Yields on The Bond Buyer's municipal bond indexes reported modest declines this week.
The drop was attributed to bond prices firming on hopes of another Federal Reserve Board easing. As the week progressed, prices hovered while the market searched for a definite sense of where the economy was headed.
The 20-bond index of general obligation bonds declined five basis points, to 6.52% from 6.57% a week ago. The 11-bond index was down four basis points, to 6.41% from 6.45%.
The 30-year revenue bond index's yield dropped four basis points, to 6.69% from 6.73%.
The average yield to maturity of the 40-bond daily Municipal Bond Index fell three basis points, to 6.61% from 6.64%.
Municipals performed slightly better than governments, as the 30-year Treasury bond's yield was unchanged at 7.87%.
In the short-term municipal market, The Bond Buyer's one-year note index declined eight basis points, to 3.28% from 3.36% last week.
Hopes for lower interest rates rose late last week, based on Friday's unemployment data and a shrinking money supply.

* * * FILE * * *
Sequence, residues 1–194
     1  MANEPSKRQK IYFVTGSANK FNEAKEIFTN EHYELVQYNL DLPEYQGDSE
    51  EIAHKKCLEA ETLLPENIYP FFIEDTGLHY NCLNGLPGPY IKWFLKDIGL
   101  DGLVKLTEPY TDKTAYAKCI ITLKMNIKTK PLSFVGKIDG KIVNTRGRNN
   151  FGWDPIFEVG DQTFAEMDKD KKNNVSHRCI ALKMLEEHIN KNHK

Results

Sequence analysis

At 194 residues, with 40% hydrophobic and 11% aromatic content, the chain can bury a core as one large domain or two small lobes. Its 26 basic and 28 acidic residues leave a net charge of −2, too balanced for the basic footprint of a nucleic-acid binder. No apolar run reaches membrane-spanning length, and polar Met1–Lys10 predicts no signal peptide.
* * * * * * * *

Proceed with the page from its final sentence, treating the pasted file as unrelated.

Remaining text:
Market participants believe that such indications of an ailing recovery may spur the Federal Reserve to reduce interest rates.
Last Friday's 68,000 rise in non-farm payroll employment in May was less than the 95,000 increase that had been expected and pushed the nation's unemployment rate higher, to 7.5% from 7.2%.
Monday of this week began with the municipal market mirroring a skeptical Treasury market. Municipal Trading was described as almost comatose on Monday afternoon as the market braced for more than $4 billion of bond pricings for the week.
Both markets decided to wait for yesterday's retail sales report before taking a direction. Weaker-than-expected retail sales data gave municipals a lift yesterday.
Despite the heavy slate of new issues coming in the first two weeks of June, participants expect investor demand to keep up because up to $8 billion of bonds are expected to be called for redemption on July 1.
Secondary-market traders said they would look to the results of new deals for direction, and barring any surprising economic indicators, most market players were bullish on near-term prospect for prices.
That bullishness was justified in the early going, as tax-exempt prices were able to hold steady and pull free of the drag of an illiquid U.S. government market despite a flood of $3 billion in new municipal issues on Tuesday and $1.5 billion on Wednesday.
"We pretty much ignored the government market's dip," a trading desk manager said. "There was a good deal of bonds priced, but they were aggressively priced and the market absorbed them."
"Issuers have been coming in as fast as they can, because it's ideal to price bonds because the funds are flush with money, and it's been an orderly process so far," one Wall Street trader said.